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Abel A. Chávez. Photo Credit: Western Colorado University
Abel A. Chávez, vice president for enrollment and student success at Western Colorado University, will be the next president of Our Lady of the Lake University. Photo Credit: Western Colorado University

OLLU has named its first Latino president

Abel A. Chávez will officially become Our Lady of the Lake University president in July.

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Our Lady of the Lake University in San Antonio will have its first Latino president in July when Abel A. Chávez officially takes on the role.

In May 2021, current OLLU President Diane Melby announced plans to retire, leaving the 127-year-old private Catholic university in search of her successor. Melby has served as president since 2015, and helped launch OLLU’s largest fundraising campaign last year, which aims to raise $55 million by the end of 2023. 

Chávez currently serves as vice president for enrollment and student success at Western Colorado University, where he has worked since 2014. 

“Dr. Chávez brings a record of outstanding leadership in higher education,” said OLLU board chair Paul Olivier, in a statement

Olivier also credited Chávez’s strong business skills and global experience for making him “the right person to move OLLU forward,” he added.

Prior to Chávez’s current role, he served as WCU’s associate vice president for academic affairs, dean of graduate studies and associate professor in the School of Environment and Sustainability.

He didn’t begin his professional career in higher education, however, cutting his teeth in the business and entrepreneurial world. 

Chávez founded a consulting company in Denver, and worked for Anheuser-Busch in Houston and Dow Chemical in Freeport. He also served an international business residency in Beijing and Singapore.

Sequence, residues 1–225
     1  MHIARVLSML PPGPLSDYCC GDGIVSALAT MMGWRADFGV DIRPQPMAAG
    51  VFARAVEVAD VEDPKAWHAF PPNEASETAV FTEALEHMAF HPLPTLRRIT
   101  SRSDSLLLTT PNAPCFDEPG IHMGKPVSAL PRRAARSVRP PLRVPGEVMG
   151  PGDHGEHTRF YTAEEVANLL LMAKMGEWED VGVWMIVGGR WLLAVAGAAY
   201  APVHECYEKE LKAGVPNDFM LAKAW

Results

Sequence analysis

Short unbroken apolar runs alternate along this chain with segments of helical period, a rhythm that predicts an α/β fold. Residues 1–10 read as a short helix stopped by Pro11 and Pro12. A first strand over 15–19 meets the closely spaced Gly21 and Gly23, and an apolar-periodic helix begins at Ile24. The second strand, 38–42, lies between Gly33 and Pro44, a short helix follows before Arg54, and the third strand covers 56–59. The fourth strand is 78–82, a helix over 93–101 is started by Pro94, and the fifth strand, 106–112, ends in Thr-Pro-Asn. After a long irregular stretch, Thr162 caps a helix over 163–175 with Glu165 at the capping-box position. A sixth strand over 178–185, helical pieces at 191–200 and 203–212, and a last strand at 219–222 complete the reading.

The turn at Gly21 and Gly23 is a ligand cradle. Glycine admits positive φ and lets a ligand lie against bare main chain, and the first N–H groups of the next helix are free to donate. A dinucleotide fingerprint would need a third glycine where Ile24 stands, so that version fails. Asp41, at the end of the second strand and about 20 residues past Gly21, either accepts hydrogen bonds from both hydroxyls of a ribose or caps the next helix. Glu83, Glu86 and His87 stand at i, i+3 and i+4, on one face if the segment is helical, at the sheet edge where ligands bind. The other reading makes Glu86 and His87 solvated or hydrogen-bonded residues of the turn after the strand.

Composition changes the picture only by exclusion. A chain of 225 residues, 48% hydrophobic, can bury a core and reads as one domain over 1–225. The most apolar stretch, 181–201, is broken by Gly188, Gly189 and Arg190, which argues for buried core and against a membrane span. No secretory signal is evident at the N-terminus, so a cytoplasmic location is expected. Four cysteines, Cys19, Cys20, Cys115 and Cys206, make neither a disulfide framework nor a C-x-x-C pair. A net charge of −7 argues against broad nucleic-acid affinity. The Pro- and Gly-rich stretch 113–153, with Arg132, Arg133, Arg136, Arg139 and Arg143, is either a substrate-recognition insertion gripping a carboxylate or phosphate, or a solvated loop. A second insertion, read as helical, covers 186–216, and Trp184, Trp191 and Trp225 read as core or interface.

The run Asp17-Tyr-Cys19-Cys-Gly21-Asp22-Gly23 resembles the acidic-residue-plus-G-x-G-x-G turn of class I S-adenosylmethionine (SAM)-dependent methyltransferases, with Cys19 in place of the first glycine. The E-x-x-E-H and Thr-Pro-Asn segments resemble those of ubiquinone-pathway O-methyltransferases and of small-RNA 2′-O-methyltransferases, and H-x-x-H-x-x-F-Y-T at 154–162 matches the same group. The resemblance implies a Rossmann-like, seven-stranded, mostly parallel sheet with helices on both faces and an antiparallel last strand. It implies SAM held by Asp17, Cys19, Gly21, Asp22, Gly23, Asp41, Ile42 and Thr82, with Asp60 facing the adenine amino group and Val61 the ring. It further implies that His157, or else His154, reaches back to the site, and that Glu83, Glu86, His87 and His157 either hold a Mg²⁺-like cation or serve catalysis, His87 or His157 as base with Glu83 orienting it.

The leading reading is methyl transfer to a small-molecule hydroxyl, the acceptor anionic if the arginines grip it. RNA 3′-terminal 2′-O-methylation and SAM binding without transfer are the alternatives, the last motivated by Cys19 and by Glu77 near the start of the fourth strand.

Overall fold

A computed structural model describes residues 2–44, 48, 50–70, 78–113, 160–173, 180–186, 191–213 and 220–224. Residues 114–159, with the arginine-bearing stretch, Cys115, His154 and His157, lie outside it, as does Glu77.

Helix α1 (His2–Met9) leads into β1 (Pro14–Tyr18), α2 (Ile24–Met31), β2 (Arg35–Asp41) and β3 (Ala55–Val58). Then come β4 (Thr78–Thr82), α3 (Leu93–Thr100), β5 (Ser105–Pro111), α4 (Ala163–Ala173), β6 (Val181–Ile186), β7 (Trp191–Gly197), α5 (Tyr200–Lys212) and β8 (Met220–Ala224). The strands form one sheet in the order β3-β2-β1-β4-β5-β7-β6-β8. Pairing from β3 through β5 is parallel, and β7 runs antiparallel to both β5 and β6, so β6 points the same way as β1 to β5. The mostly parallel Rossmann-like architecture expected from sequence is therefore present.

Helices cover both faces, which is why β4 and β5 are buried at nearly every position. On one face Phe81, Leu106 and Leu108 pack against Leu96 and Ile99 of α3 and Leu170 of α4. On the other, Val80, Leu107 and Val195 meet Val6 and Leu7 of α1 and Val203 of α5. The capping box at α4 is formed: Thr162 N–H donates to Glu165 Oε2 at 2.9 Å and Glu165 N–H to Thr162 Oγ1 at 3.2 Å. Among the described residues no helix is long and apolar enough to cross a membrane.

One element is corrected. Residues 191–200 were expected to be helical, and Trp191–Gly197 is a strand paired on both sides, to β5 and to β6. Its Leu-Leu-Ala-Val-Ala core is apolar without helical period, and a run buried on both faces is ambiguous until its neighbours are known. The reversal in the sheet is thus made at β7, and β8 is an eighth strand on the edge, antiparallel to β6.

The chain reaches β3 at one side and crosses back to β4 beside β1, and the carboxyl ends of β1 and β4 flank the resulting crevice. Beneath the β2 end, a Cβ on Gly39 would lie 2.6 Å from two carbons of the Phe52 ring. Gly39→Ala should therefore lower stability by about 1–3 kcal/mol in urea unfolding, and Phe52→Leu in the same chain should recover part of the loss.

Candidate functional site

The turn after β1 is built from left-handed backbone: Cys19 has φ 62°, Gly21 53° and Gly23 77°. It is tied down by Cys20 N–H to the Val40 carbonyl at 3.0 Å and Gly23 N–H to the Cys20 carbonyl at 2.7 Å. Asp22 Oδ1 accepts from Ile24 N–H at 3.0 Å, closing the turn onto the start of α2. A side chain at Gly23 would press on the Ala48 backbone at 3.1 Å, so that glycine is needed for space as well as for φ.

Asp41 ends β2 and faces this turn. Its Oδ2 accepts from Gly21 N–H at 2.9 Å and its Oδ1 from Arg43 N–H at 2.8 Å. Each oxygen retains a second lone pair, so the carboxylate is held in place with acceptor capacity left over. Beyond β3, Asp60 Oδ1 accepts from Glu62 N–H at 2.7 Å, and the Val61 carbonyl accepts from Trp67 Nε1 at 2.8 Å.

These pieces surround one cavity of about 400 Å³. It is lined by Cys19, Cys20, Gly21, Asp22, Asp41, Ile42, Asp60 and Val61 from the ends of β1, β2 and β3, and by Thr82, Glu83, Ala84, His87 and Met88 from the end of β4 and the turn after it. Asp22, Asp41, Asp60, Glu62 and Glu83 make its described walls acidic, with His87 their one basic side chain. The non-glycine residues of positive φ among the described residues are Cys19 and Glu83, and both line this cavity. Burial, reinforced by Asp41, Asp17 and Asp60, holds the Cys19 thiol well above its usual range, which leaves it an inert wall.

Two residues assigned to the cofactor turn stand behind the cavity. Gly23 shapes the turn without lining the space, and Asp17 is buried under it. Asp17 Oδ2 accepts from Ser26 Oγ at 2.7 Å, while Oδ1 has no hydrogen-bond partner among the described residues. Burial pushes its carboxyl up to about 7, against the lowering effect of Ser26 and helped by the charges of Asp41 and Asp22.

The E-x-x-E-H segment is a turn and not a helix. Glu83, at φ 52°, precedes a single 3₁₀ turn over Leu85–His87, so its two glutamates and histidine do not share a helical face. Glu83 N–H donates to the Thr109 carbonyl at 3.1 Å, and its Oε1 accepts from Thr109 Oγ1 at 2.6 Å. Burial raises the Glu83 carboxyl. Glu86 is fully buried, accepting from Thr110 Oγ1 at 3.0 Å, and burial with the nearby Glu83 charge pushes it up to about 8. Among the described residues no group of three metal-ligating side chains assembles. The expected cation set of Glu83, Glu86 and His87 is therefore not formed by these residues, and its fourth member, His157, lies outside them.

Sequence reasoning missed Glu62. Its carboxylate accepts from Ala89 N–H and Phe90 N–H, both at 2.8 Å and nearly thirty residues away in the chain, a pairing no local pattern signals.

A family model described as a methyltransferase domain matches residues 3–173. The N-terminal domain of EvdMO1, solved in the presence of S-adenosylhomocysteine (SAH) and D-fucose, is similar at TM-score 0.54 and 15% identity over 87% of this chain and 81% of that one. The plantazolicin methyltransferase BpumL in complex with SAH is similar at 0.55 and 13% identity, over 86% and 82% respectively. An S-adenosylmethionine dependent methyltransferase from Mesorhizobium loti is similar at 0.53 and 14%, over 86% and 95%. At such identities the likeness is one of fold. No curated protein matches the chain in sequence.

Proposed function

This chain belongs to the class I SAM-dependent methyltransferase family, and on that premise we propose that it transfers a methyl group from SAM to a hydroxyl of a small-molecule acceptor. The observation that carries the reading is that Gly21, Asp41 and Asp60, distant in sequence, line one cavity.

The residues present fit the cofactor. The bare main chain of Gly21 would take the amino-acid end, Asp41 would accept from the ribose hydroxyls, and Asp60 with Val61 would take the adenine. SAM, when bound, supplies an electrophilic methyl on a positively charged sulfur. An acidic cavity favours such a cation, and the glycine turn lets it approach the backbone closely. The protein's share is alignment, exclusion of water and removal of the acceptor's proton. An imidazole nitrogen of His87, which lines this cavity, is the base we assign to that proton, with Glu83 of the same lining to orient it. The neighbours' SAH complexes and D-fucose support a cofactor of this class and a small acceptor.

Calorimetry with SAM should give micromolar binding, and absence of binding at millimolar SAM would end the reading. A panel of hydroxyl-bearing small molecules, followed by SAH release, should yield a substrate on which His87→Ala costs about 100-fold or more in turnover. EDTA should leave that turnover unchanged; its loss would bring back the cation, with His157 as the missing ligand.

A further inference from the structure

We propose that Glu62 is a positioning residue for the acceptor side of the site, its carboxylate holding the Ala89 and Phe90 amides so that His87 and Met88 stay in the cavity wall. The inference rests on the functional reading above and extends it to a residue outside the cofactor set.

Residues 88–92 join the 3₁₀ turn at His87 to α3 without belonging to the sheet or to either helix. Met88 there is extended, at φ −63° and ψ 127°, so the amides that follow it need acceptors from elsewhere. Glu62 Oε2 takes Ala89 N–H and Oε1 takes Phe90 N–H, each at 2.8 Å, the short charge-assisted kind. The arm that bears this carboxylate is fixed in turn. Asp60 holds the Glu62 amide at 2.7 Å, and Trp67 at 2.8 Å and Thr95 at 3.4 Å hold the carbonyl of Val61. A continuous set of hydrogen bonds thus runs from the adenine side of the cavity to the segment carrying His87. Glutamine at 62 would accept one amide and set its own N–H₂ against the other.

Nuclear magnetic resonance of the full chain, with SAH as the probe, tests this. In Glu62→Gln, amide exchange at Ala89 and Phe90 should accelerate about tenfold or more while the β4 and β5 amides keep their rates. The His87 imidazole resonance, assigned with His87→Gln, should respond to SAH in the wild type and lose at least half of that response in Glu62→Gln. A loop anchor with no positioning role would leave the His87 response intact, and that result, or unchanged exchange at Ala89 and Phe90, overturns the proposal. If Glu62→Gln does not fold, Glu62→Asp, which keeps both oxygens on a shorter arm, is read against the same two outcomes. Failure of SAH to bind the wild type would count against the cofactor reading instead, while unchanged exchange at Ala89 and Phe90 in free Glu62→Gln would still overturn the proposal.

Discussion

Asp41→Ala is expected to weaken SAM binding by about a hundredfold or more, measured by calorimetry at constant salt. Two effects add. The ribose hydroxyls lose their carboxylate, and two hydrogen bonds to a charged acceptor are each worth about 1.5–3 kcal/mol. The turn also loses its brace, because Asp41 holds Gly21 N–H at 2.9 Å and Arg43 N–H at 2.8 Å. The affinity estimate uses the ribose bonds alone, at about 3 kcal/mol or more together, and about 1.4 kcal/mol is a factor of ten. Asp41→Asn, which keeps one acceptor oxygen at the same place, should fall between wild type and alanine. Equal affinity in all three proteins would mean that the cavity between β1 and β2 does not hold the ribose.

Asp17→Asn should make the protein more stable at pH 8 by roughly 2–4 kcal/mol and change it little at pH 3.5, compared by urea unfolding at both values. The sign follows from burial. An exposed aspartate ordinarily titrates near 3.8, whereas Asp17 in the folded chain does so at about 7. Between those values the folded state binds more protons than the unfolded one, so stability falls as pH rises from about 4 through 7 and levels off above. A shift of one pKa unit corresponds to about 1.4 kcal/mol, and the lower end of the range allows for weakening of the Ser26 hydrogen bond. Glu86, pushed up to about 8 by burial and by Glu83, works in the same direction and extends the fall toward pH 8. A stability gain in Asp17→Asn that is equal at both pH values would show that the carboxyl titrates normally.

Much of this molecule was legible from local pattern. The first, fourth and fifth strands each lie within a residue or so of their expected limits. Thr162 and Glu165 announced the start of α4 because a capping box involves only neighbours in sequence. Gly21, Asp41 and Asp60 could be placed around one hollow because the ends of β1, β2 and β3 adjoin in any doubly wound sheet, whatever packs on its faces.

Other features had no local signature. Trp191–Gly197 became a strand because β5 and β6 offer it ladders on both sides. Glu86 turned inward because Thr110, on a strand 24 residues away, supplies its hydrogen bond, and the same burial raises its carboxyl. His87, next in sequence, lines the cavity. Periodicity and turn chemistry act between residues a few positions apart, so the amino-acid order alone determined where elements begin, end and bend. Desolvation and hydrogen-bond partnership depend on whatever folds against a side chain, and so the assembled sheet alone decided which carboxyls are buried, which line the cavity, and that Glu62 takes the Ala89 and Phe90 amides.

Chávez is a Denver native, and the son of Mexican immigrants. His family encouraged him to pursue a higher education, and he became the first in his family to graduate from college.

He earned a bachelor’s degree in mechanical engineering from the University of Colorado in Denver, and a master’s of business administration from the University of Houston. 

Years later, Chávez returned to Colorado’s capital city to obtain his doctorate degree in civil and environmental engineering. 

As a first-generation college student, Chávez is well-aware of the experiences many other first-generation students are facing. According to the university, 43% of OLLU students are first-generation, while 78% are Latino, making it an HSI. 

“We, as a university, have to mobilize and ensure that we are attracting the resources necessary to fulfill some of the needs of our students,” Chávez said. “That might be mentorship. It could be advising. Sometimes it could be affordability. Those challenges range rather widely, and we will listen, and we will do everything that we can to close those gaps,” Chávez told the San Antonio Report. 

Chávez is joining OLLU at a point in time where there is a nationwide trend of declining college enrollment, in part due to the pandemic. He plans to use a data-driven approach to this reality, examining where students are coming from, providing them with valuable resources needed to complete their degree programs, and listening to the concerns of students, parents, and families. which he uses in his current role with WCU. 

Throughout his tenure in the higher education sphere and particularly in his current role with WCU, Chávez has established himself as a valued mentor to Mexican students, connecting them to a scholarship program funded by the Mexican government. 

That is what led him to be receiving the Ohtli Award, a prestigious honor given by the Mexican government to those who have provided assistance to Mexican citizens.

“Dr. Chávez cares deeply about students, especially the underserved,” said Steve O’Donnell, OLLU trustee and co-chair of the search committee. “He is an agent of transformation, a leader who has provided life-changing experiences for students. I believe he will be an outstanding president.”

Chávez is aware of the challenges that await him when he transitions to his new president role this July, and is eager to face them.

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